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The Rabbitohs Tank and the Rabbitohs Sharpshooter

Updated: Nov 25, 2020

I sat down with the Di, who's father was Jack ‘Duck’ Walsh, an Australian Rugby league player who represented the South Sydney Rabbitohs and later the Western Suburbs, between 1937 and 1944. A question still surrounds the nickname ‘duck’, but it is believed that he coined the name because of his waddle.

Di said, “I was the youngest one. I was dragged up in a football house. And then of course, it just went on and on. My husband grew up in Alexandria and was a South Sydney fanatic. I was around football all the time."

Times were different back then as players would have professional careers outside of sport, and playing Rugby League would only be part time. When Jack wasn't playing football, he was a glassblower at Crown Crystal Glass works in Waterloo, where he would create delicate art from frilled cake stands to detailed vases, goblets and decanters to mirrors, and jugs to an array of orange juicers.

"Uncle B [Bernie Purcell] and my Dad [Jack Walsh] were good mates. They were both rogues. In those days, men weren’t like men nowadays, they thought they were the epitome of the universe. They had [big] personalities. People were drawn to them, especially the women. You couldn’t compete."

"They used to call him the ‘tank’. Apart from ‘duck’, that was his name, the ‘tank’. He would have the ball, and I think they would tackle differently in those days, so when he got tackled – he just kept going. At one stage, I don’t think he was completely nude, but he was just about nude. My father wouldn’t worry at all, he would love it really. But he just kept going.”

Bernie Purcell or Uncle B, as he was known to Di, was both an Australian Representative rugby league player and South Sydney Rabbitohs player. Alternatively, to ‘Duck’, Purcell started playing for Western Suburbs before transitioning to Souths, where he won 4 Grand Finals and scored 1,126 points over his longstanding career. After his successful league profession, Purcell moved into a coaching position for the years of 1964-1966.

Before this, he was in admiration of ‘Duck’.

“Bernie was a very good kicker. He adored Duck, but then he surpassed Duck by a long way because he was a good kicker. My word he looked up to Duck, you know, because there was at least 10 years between them. Used to always carry his bag into wherever the games were being held, Bernie did, as a young kid or teenager. And in the end, he surpassed him. That was sad for Duck. Duck would just follow around Bernie then. It was a case of role reversal! I mean everyone was looking to them like heroes. There weren’t as many superhero things on tv or in the theatre, so people would look up to them instead.”

Purcell’s career successfully surpassed Duck’s, but they were still family. However, once you are a part of a sporting household, or even a football household, I guess it will forever run through your veins. Evidence of this occurred at Di’s wedding.

Traditionally, wedding speeches run in the order of ‘father of the bride’, ‘groom’, ‘best man’, followed by any other toasts that family would like to make. Whilst the order was the same at Di's wedding, the subject matter was not about the wedding or the bride, but rather ‘another’ topic.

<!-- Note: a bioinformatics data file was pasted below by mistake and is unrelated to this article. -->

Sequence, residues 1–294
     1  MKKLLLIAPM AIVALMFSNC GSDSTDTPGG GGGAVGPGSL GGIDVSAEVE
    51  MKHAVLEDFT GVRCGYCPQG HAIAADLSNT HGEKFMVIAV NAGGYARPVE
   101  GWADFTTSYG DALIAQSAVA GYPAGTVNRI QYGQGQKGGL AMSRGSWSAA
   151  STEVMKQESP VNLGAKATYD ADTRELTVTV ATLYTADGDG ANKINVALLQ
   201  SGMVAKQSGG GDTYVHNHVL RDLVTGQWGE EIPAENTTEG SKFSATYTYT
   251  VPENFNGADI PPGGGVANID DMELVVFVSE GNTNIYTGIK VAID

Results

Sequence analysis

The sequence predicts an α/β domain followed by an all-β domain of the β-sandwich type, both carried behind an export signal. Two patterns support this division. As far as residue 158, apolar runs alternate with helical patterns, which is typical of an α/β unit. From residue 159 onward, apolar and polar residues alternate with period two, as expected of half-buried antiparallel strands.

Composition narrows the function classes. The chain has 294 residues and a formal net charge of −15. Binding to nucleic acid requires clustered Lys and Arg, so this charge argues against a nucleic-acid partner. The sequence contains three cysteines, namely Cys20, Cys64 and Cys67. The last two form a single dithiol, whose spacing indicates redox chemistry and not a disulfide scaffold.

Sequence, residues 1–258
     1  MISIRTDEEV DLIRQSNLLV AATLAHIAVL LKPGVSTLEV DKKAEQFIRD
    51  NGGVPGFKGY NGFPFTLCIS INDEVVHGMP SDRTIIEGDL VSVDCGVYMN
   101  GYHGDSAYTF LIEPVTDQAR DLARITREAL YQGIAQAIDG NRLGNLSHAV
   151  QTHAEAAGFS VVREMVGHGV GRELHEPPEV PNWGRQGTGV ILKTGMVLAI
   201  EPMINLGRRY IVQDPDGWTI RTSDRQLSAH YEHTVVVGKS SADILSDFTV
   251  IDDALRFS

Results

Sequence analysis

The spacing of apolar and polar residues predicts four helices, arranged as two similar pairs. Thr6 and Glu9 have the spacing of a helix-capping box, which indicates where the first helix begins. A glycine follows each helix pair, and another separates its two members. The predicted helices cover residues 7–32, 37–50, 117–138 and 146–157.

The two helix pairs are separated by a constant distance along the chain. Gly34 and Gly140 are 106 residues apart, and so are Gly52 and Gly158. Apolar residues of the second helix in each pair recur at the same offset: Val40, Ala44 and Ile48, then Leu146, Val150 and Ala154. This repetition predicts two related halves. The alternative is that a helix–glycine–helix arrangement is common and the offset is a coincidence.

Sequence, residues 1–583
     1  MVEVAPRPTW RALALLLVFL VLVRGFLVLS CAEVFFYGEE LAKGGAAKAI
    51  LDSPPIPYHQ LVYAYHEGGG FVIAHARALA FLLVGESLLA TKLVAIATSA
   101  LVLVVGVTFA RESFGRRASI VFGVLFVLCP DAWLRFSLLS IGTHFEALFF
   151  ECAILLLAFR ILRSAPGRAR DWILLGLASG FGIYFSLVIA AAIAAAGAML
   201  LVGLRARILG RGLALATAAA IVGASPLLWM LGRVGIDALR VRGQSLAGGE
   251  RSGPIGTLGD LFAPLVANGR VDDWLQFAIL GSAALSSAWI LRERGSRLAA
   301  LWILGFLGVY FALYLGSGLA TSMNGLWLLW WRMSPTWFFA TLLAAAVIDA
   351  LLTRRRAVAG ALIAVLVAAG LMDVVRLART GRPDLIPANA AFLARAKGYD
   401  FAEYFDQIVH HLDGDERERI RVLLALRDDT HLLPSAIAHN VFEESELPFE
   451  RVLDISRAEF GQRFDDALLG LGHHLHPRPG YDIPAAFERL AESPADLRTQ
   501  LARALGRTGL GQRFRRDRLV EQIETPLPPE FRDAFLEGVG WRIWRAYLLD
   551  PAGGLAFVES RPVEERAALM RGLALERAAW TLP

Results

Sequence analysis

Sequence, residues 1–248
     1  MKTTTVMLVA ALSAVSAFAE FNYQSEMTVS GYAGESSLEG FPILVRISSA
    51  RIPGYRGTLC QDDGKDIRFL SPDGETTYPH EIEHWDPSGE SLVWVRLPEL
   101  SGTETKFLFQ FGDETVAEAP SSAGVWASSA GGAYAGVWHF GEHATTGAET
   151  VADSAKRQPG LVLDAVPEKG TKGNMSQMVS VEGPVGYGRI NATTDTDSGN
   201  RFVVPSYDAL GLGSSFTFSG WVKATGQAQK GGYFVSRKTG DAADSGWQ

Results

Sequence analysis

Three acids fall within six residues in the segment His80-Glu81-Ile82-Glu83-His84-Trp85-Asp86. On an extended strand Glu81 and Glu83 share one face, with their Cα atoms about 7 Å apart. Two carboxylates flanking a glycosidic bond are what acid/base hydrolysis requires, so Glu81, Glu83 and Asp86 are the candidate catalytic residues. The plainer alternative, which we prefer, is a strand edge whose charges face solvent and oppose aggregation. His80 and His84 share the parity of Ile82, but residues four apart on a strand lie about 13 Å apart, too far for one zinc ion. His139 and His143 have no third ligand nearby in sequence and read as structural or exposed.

"At my (Di's) wedding , I thought I was going to have someone say something nice about me, you know? Since it was my special day. One person spoke about my mother, Hazel, being such a good netball player. I was just waiting for the moment they are to speak about the 'lovely bride’. My brother-in-law got up and waved around a telegram he received from his sister in America. Then Bernie [Purcell] got up and talked about a South Sydney game and a Semi Final in 1972. I thought ‘Is someone going to say something nice about me?’ No one did. Bernie stood centred in front of all the guests. He opened his mouth and then described the semi and South Sydney in detail, giving his complete running commentary of the whole GAME.”

In the end, ‘Duck’ helped forge a rugby league path for his nephew Bernie to walk. Throughout their own unique stories, they became champions on and off the footy field. ‘Duck’ powered on throughout life like a tank, and Bernie remained a successful sharpshooter by kicking his team to victory.


'Premiers Again' - In 1948, in front of over 29000 spectators, both Bernie and Club Captain, Jack 'Duck' Walsh, dressed in the black and white shades of the 'Western Suburbs', won the NSWRFL Grand Final. They defeated Balmain: 8-5, adding their 3rd trophy to the cabinet. The game was lead by the Tigers until the final quarter, when a Western Suburbs player broke the line, undertook a 40m sprint and landed on the white chalk.

In the image below, they sit proudly among their team, coach and administrators. Duck is pictured in the middle seated, first row, with Bernie on the left.

This image depicts Duck with the ball and his cousin, Bernie Purcell in the background. They appeared to be a strong team on an off the field, and they highly respected one another.

When speaking of ‘these’ champions, ‘they’ stand above the rest. Of glories old, and records proud, when often put to test. Of fine traditions, history, that others cannot best.

They ‘wore’ the Red and Green.

May you enjoy these stories, laugh a little, and reflect on times gone by. If I can recommend anything, ask a friend to hear theirs, if not – I will.


If you have a story to share or know a person who should tell their story, please email me: CONTACT Thank you

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